Keeping Fit: Outlive the leading cause of death | Lifestyles

Via Peters

February is American Heart Month on the Health Observances Calendar each year — and for good reason!

Heart disease kills approximately 610,000 people every year in the U.S., making it the leading cause of death for both men and women. According to statistics from the U.S. Centers for Disease Control and Prevention (CDC), if you sat back and people watched one day, one in every four people would one day die prematurely from this disease.

Even more frightening, the process begins in childhood — 100% of children autopsied had fatty streaks already forming in their arteries by age 10.

American soldiers and the study of thousands more young people who died accidental deaths from ages 15-34 showed progression even to fibrous plaques by their 20s.

Heart disease starts young. When it comes to preventing this killer, the first truth we must embrace, if we are over the age of 10, is not how am I going to prevent heart disease, but how do I reverse the heart disease that I already have?

The risk factors

In the studies of the autopsied children, the leading risk factor was no different than what has been found among adults — elevated LDL cholesterol levels. They had a step-wise progression in fatty streaks covering their arteries as the level of bad cholesterol in their blood increased. Also of high importance was abdominal obesity — especially in males — along with high blood sugars and high blood pressure. Finally, smoking was also found to elevate risk.


Sometimes medical myths and traditions die hard, like the idea that heart disease is just an inevitable consequence of aging, or that cholesterol and high blood pressure just naturally rise with age.

We now have massive evidence that those things are untrue. Yet, some still believe, and I was one of them, that cholesterol level has only a minor impact on heart disease progression, or that some people just get heart disease with no risk factors. These ideas are largely untrue.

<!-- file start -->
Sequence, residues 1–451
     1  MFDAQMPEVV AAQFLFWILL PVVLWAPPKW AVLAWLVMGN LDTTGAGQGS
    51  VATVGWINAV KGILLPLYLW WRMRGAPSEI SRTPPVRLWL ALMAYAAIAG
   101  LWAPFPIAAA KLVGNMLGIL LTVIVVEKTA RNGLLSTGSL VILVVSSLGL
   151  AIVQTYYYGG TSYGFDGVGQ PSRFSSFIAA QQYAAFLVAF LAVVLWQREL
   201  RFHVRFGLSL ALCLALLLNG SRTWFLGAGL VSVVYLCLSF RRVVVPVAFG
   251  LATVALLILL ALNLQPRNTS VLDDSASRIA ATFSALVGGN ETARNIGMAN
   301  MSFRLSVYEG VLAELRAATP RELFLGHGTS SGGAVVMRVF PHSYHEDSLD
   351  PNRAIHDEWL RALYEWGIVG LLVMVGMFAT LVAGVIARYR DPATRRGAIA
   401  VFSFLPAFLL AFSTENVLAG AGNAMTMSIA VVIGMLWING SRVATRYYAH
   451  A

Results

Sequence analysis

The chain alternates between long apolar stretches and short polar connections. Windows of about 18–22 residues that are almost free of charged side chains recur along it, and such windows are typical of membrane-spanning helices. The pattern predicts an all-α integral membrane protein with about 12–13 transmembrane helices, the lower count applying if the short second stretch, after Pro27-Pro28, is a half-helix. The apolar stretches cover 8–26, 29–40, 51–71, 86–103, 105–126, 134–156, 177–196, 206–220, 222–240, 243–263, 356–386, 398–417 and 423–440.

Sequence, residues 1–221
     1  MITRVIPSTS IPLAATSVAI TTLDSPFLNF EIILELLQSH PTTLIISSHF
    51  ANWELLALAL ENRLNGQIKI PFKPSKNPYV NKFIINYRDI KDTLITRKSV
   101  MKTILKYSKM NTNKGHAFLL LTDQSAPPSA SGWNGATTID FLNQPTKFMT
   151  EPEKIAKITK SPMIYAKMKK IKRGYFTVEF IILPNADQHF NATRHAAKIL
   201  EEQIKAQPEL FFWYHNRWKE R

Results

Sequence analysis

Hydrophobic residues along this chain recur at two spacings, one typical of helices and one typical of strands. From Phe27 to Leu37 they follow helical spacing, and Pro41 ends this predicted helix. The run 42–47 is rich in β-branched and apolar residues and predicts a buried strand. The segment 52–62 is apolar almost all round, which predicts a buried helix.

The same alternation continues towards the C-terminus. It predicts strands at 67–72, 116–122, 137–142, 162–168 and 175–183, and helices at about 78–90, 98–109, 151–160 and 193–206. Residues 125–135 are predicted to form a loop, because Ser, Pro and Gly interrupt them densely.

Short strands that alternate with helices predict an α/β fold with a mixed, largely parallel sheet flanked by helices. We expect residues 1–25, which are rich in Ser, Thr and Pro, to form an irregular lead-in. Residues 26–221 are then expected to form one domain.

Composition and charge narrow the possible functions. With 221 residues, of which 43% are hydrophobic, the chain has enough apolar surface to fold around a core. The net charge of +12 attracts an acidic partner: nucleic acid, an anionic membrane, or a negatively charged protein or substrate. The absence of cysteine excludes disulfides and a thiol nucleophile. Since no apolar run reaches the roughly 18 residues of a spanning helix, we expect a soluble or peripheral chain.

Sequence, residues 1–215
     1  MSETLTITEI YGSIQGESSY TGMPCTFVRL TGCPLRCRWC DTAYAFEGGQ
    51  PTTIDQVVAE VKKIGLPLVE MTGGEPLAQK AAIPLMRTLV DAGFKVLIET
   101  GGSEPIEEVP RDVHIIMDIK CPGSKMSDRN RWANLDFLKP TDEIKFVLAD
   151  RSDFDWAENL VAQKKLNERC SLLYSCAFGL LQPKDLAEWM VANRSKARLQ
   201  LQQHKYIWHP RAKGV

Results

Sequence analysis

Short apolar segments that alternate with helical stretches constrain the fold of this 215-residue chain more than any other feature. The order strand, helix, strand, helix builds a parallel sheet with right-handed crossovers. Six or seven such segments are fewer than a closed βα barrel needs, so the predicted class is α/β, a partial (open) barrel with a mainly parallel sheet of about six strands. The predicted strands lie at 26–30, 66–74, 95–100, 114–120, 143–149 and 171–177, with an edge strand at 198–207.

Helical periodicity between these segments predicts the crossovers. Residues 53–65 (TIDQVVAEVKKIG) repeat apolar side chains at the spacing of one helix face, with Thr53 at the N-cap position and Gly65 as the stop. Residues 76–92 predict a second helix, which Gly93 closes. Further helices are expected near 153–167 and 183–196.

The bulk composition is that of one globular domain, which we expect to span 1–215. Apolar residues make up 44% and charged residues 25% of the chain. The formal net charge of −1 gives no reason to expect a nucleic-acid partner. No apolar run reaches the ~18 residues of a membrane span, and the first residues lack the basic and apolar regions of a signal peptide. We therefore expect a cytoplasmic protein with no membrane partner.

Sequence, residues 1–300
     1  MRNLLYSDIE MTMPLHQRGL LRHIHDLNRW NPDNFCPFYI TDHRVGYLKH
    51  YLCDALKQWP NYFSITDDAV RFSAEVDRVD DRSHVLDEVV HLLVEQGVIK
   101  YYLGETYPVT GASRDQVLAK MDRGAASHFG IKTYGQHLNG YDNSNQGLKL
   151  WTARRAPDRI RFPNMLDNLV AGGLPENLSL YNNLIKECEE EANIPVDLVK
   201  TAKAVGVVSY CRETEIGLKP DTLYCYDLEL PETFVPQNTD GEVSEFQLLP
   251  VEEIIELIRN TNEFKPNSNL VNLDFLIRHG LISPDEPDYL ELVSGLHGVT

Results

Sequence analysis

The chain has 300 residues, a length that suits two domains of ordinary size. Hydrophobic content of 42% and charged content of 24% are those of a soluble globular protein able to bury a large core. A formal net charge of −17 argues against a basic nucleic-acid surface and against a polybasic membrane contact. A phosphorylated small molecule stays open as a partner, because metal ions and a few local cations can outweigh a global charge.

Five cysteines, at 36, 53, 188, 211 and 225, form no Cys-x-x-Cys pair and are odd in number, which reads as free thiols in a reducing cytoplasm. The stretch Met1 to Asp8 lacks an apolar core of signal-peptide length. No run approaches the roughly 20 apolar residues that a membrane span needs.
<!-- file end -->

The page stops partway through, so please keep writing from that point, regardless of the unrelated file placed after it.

For example, the INTERHEART study showed that for men and women, young and old, in people all over the world, nine potentially modifiable risk factors account for more than 90% of all the heart disease. I already shared with you five of them above, but the rest include psychosocial factors like stress and depression, regular alcohol consumption and insufficient fruit/vegetable consumption and exercise. Collectively, all nine risk factors account for 90% of all heart disease cases worldwide in men, and 94% of cases in women.

The Simple Seven

So as a way of encouraging Americans to take the actions that will prevent heart disease, the American Heart Association came up with The Simple Seven that includes not smoking, not being overweight, being active (which was defined as 22 minutes of walking a day), eating a few fruits and vegetables each day, having below average cholesterol and normal blood pressure and blood sugars.

Unfortunately, when 14,000 Americans were surveyed, only 1 in 2000 (!) had all seven going for them. And in a study of 4,673 American teenagers, they found zero.

The biggest problem? Most do not eat a healthy diet, with as little as 1 in 10 Americans getting even 12% of their calories from phytonutrient rich fruits, vegetables, whole grains, legumes, nuts and seeds. A diet with more than half of its calories from these foods is associated with improvement in cholesterol, blood pressure, blood sugar and body-weight and a significant reduction in disease risk.

If you recognize that some of these risk factors are areas that you need to address and would like an accountability partner and a step-by-step plan for making the kind of changes that will stick, give me a call at (706) 278-WELL (just ask for Tom). I will be glad to help you.

Thomas Morrison is a fitness coordinator at the Bradley Wellness Center.

Thomas Morrison is a fitness coordinator at the Bradley Wellness Center.

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